King was awarded an Order of Australia Medal (OAM) for his service to broadcast media and the Indigenous community in 2015. Charlie won a Northern Territory human-rights award in 2016 and used the moment to call for an end to family violence over Christmas. For 25 years he has also volunteered to sit with children in trouble without a parent or guardian during police interviews.

Employment & Training

A youth worker for more than 20 years, Charlie has been engaged in community development, juvenile justice and child protection. He was the Chairman of the NT Department of Children and Families’ Advisory Council from 2006-2008, was a member of the Child Protection Review Team from 1990-1994 and managed the Youth Services office from 1999-2003.

He is currently the Chairperson of IMAC (Indigenous Men’s Advisory Council) and has held that position since 2012. Charlie has been a sports commentator on the ABC since 1990, hosting Grandstand and has commentated on various sports including Australian Rules football and cricket.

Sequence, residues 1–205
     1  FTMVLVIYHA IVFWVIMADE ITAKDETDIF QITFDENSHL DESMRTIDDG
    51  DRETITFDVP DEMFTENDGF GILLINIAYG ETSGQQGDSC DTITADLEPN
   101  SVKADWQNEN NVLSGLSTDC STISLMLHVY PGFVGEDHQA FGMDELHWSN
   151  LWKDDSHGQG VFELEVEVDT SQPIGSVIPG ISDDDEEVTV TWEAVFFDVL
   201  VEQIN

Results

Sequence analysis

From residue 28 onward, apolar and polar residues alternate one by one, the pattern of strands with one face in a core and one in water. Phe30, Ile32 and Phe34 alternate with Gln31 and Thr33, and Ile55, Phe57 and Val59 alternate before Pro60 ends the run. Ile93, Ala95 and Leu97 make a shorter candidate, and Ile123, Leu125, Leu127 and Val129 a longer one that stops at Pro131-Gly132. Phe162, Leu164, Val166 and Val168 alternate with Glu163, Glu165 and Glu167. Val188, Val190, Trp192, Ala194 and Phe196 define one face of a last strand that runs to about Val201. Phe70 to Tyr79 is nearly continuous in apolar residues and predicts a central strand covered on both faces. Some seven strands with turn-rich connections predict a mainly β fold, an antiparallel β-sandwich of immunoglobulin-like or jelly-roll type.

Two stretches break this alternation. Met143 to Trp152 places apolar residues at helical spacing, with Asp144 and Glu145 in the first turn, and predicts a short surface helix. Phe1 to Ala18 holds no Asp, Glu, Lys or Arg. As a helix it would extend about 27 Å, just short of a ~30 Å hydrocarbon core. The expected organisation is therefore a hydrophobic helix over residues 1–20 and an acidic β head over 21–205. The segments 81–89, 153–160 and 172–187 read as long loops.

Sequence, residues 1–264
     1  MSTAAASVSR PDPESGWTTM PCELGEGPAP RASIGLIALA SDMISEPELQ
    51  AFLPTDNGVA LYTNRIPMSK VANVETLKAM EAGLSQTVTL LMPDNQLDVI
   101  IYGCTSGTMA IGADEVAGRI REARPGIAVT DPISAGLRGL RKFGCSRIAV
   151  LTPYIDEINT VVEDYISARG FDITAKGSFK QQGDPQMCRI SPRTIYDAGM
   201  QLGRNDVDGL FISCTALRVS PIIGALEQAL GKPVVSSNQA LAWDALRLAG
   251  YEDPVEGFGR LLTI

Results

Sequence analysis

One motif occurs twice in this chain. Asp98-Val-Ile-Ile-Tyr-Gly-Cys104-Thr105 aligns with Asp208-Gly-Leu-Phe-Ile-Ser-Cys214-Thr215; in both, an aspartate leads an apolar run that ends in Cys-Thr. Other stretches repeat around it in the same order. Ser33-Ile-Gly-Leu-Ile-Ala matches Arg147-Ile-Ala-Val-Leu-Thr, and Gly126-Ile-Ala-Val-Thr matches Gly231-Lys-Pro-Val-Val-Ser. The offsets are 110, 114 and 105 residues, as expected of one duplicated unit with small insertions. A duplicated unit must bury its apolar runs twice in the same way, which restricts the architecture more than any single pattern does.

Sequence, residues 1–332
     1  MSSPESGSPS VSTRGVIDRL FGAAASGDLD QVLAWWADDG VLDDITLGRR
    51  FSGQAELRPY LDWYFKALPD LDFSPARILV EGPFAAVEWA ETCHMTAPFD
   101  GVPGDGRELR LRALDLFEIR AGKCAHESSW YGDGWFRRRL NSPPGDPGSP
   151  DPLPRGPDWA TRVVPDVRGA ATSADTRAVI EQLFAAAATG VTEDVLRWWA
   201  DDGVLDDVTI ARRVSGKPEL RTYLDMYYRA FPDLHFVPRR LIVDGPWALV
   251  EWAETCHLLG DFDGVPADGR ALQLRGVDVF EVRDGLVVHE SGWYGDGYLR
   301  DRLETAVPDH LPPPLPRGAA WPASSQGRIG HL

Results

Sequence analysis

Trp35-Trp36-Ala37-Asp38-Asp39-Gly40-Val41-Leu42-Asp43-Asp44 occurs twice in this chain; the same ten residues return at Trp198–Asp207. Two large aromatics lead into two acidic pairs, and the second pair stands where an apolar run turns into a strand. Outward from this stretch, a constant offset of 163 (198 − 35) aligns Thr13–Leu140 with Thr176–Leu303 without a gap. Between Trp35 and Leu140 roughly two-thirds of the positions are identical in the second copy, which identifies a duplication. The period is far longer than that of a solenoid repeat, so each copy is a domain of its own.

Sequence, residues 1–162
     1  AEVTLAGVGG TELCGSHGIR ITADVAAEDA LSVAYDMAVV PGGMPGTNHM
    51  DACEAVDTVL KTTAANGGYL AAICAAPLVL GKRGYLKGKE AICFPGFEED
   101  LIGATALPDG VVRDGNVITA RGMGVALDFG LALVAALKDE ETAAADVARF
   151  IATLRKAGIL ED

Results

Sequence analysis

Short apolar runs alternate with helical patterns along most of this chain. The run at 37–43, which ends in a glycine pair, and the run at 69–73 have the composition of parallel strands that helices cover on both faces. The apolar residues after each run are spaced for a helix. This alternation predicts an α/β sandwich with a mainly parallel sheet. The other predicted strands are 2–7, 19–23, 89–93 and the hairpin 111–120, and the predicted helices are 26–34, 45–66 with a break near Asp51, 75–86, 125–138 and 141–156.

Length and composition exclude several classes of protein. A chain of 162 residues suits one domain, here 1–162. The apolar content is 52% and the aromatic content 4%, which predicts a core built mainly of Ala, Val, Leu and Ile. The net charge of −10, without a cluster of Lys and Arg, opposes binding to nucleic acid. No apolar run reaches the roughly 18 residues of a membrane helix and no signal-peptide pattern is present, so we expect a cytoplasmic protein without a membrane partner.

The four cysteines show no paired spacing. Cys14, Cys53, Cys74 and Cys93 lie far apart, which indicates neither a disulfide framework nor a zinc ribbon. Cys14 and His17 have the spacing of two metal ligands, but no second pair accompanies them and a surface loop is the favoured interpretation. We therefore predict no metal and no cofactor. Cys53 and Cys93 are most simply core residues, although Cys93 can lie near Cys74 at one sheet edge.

He has been a Sports Commentator at the ABC since 1990.

Experiences & Opportunities

As a broadcaster, Charlie was the first Indigenous Australian to commentate at an Olympic Games, in Beijing 2008. His broadcasting career has included coverage of the London Olympic Games and the Commonwealth Games in Kuala Lumpur, Manchester and Melbourne.

Charlie has been working in partnership with CatholicCare NT since 2006 developing strong men’s programs and the No More Campaign, targeting sporting codes to address violence in their clubs and with their supporters.

Awards

His work has been recognised through a range of national and territory level awards including NAIDOC Awards, Darwin City Council Citizen of the Year Award, Rotary Awards and an Order of Australia Medal (OAM) for his services to the broadcast media and the Indigenous community.